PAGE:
Jet Interaction Control
Jet interaction uses the principle of reaction thrust to provide aerodynamic maneuvering and control authority for a missile in flight. The reaction control thrusters, often located near the missile center of gravity or sometimes at the aft end, fire perpendicularly into the oncoming free stream. The resulting aerodynamic interaction effect creates a pressure disturbance on the surface of the missile that can be a large percentage of the nominal vacuum thrust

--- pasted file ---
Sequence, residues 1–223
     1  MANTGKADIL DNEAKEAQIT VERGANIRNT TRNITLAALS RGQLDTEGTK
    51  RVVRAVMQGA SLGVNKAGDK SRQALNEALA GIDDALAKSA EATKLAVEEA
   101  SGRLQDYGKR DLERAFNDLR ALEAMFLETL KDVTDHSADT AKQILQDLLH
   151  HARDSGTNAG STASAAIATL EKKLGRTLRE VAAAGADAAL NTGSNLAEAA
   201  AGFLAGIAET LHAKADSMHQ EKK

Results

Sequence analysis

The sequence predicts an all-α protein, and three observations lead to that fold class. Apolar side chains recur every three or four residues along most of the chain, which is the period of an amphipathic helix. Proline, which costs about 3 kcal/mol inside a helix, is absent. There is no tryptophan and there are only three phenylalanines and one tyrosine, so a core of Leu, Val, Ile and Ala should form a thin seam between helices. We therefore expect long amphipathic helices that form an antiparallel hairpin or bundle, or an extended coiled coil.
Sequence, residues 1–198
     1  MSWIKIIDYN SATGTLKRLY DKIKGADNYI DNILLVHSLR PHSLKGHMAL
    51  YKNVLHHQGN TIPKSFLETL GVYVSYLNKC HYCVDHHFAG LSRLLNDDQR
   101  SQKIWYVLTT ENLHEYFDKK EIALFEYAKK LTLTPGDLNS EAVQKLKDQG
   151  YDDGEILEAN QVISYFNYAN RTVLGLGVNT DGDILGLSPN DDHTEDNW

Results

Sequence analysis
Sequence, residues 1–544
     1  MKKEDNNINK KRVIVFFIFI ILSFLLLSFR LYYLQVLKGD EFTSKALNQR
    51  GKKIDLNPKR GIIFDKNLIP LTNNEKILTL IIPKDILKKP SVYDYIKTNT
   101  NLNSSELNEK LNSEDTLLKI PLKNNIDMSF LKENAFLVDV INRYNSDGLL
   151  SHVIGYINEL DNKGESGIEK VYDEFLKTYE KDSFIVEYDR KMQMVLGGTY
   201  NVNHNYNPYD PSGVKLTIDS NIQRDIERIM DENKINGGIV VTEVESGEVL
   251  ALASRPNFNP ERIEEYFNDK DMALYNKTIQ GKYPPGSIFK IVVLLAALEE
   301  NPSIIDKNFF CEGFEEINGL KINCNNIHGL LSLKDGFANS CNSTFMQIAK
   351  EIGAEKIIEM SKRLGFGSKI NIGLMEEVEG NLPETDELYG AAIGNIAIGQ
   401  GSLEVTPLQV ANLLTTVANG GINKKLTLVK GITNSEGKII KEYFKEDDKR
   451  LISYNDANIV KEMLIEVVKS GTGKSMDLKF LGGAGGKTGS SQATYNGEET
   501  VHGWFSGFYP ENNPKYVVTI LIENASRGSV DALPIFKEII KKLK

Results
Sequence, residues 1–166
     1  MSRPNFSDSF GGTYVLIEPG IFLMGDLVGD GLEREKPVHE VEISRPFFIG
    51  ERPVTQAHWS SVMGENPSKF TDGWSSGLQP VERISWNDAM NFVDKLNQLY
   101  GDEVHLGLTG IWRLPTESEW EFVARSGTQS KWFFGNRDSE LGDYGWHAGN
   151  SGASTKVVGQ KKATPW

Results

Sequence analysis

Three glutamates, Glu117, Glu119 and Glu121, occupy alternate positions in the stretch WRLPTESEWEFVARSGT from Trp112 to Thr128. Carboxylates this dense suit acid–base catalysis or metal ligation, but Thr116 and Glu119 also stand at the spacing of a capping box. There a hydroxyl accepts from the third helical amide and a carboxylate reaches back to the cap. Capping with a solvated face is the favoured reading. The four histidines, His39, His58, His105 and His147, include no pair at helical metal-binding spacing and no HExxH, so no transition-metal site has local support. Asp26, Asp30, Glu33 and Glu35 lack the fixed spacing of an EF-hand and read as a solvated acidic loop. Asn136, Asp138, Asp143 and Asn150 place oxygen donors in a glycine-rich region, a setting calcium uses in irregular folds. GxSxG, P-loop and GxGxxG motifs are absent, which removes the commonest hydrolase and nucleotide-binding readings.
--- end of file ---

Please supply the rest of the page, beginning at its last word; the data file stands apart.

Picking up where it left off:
The direction of the interaction thrust vector can either augment or diminish the reaction thrust, but it is always a function of missile attitude and altitude. Jet interaction effects are usually computed under the assumption of a nonreacting exhaust gas, but in some low altitude situations, external combustion processes must be considered as afterburning of the jet exhaust contributes significantly to the aerodynamic interaction effects.
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The Missile Defense Agency (MDA) funded Tetra Research to develop advanced CFD software for jet interaction control applications. We have also analyzed jet interaction for the U.S. Army's THAAD interceptor program utilizing DoD High Performance Computing assets.